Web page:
Monday, December 03, 2012

A Few Pennies Worth

(Editorial cartoon by Kevin Siers (11/30/12) published by the Charlotte Observer and featured by McClatchy DC.  Click on image to enlarge and then return.)

AP has published a terrific analysis of the garment industry and how it works globally to get the cheapest labor possible, regardless of the conditions under which the workers labor, all to save a few pennies and to make a few bucks.  The entire article is worth the read, but I'm still going to quote a significant portion of it.

In the charred bones of the Tazreen Fashions Ltd. factory, the labels and logos—sewn and printed in scarlet and royal blue—beckon from the ashes. Even in ruins, there's no missing that these T-shirts and jeans were intended for U.S. stores and shopping carts, designed as bargains too good to pass up, or stocking stuffers just in time for the holidays and in just the right size.

But a week after the blaze outside Bangladesh's capital killed 112 workers, a glaring question remains unanswered: How, exactly, did brands worth fortunes end up in such a place? And what does the odyssey that brings them to market across thousands of miles say about the everyday economics most consumers take for granted? ...

That complexity means there are secrets behind every label that moved through Tazreen, sewn in by workers earning the equivalent of 27 cents an hour, 6 days a week, packed between rows of sewing machines stacked on floor after floor of a building with exits locked or blocked.

Such conditions were also common in the U.S. until a fire achingly similar to the one in Bangladesh killed 149 workers at New York's infamous Triangle shirtwaist factory 101 years ago. But today, the globalized economy allows retailers and consumers in First World countries to turn to Vietnamese or Honduran or Bangladeshi workers to do those jobs, a role largely overlooked until a system that runs with formidable efficiency is upended by tragedy.

"You have to remember that there is a problem which we face in a globalized economy, which is that if one country enacts really strict safety guidelines that raise the cost of manufacturing, buyers have the option to take their business elsewhere and, thus far, have demonstrated a tendency to do so," said Josh Green, CEO of Panjiva Inc., an online data platform used by international marketers and producers.

The supply chain's flexibility makes it particularly well suited for the clothing trade's repeating cycle of design, order, production, shipment and sale. Apparel companies begin laying plans for new lines of clothing a year before they arrive on store shelves. But creativity quickly gives way to number-crunching, as executives set sales targets and try to figure out which producers can deliver within their required profit margins, Rangarajan said. ...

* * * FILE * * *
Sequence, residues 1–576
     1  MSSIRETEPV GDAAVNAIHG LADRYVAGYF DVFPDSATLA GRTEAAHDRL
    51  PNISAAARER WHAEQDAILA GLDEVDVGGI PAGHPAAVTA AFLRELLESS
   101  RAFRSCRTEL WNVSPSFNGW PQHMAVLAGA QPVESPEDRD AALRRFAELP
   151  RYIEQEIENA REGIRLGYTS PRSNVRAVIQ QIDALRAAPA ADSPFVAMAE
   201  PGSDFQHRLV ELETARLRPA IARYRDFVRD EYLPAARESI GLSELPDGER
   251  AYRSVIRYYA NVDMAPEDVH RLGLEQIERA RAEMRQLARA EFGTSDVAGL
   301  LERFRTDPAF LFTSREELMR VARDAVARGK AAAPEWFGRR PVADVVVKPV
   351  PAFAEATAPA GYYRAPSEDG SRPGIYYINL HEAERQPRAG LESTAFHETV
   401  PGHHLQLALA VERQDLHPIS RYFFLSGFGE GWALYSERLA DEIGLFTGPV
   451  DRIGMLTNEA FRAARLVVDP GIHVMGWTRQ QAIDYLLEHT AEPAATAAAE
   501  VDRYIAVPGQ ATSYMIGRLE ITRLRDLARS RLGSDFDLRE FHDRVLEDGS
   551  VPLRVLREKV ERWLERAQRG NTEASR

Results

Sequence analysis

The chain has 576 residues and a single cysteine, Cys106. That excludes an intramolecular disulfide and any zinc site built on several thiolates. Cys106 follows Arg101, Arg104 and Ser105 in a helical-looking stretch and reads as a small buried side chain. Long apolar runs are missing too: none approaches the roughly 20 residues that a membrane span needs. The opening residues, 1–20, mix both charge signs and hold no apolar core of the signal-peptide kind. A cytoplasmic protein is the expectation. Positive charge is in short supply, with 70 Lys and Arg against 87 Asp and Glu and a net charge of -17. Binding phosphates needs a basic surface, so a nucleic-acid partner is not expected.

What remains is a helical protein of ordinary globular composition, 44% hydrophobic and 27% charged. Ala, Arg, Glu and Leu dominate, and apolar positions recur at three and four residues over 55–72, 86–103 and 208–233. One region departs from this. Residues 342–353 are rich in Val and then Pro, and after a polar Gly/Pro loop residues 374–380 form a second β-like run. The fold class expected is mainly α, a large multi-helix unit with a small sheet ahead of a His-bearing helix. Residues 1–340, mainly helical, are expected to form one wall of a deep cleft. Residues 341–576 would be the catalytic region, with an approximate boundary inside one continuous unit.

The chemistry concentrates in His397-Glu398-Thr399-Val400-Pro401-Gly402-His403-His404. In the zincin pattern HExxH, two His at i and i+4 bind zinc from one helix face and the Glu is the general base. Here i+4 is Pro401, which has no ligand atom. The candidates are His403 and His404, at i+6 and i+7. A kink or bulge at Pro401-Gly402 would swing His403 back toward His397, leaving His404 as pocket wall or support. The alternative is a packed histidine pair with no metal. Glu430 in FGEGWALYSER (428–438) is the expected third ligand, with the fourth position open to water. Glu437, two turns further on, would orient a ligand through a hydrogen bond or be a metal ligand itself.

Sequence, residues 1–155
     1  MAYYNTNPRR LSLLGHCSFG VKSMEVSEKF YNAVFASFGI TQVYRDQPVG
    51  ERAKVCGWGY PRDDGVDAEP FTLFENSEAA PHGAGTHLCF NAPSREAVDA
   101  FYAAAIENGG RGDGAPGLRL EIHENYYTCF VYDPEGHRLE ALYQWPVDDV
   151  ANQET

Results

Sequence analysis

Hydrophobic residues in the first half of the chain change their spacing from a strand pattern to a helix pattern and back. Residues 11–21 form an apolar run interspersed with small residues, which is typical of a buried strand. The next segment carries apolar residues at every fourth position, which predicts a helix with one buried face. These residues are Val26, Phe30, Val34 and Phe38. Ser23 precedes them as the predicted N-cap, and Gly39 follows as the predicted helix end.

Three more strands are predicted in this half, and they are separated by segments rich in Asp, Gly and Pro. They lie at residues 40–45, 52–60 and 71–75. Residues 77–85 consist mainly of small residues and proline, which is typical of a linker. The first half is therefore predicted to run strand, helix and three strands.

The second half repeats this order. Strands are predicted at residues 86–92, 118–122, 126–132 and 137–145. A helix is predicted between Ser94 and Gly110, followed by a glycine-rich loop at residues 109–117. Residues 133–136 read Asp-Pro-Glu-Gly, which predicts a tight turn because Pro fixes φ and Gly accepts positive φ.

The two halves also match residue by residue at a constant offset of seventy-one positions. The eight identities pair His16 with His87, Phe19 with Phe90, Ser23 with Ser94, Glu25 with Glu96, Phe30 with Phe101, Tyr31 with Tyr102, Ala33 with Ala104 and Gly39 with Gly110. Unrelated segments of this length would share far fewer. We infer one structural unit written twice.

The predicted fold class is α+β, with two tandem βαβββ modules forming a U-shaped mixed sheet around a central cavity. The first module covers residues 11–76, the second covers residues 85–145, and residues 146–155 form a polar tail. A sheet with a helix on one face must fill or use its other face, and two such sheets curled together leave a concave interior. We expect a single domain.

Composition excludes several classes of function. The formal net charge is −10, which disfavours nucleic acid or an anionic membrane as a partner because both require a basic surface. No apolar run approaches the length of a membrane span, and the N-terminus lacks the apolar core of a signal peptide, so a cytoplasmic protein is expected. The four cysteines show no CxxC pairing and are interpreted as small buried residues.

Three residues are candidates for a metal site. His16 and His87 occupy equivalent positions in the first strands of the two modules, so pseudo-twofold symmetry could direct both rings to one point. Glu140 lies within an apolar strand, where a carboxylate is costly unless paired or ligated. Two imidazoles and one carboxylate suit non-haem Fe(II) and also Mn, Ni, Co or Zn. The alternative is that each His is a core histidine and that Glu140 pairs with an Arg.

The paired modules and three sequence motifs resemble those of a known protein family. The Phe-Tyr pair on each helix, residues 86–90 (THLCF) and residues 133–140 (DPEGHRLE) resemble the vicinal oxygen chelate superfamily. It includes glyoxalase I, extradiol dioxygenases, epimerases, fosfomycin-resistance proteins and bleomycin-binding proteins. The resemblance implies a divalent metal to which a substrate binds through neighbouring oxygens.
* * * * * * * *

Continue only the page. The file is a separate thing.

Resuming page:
But the pressures at work in Bangladesh, which has climbed to second place behind China among the world's largest exporters of apparel, continue because it is part of a global production economy with interchangeable components. Making clothes requires relatively low-skilled labor and equipment that is easily relocated or replicated, making it "uniquely susceptible to geography hopping," Green says.

That gives big buyers of clothing significant leverage. When a major retailer buys a garment, roughly 50 to 60 percent of the costs are for raw materials, 15 to 25 percent is for labor, and the rest is split between transportation, overhead and expenses like import duties, Rangajaran said. But except for the labor, the other costs are largely beyond buyers' control.

"Continually chasing low-cost labor is one of the big levers you have to pull," he said.

The result is a production system that has rapidly bypassed long-ago ways of doing business, when most clothing companies owned the factories where their goods were made and the workers were on their own payrolls. Now, a company like Wal-Mart or Sean John does not have to own a single factory, and the plants they rely on can change from year to year. The shifting creates the new challenge of keeping tabs on conditions where the work is being done.    [Emphasis added]

This is what unrestrained capitalism looks like, and it's all done on a global scale.  There is no human face to it, only bodies locked into buildings forced to work long days for pennies.  And the Wal-Marts, the Targets, even the Disneys are tied into it.  Some of them try to hide behind the shield of  "supply chain managers, independent suppliers or in-country agents" so that when one of these "embarrassing" incidents occur they can feign ignorance of the conditions and fire one shield only to hire another.  

Jobs have been exported from this country to China, Bangladesh, and other countries to increase the profit margins.  The sad part is that it is working.  People flocked to Wal-Mart and Target just a few days after this horrible fire and bought the very products those workers slaved to make because they were cheap, not realizing just what this system has done to those workers but what it has done to workers in this country.  Our own wages are now depressed (at least for those lucky enough to have a job, or two part-time jobs) and dropping with the threat of moving more jobs off-shore.

And our owners, those who control those global corporations and industries, are sitting back and enjoying every minute of it.

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Blogger Meryl Baer said...

There is something wrong with a system when companies feel compelled to do things because everyone else is doing it and that is just the way things are done. No one is willing to take responsibility and admit the buck stops here.

9:15 AM  

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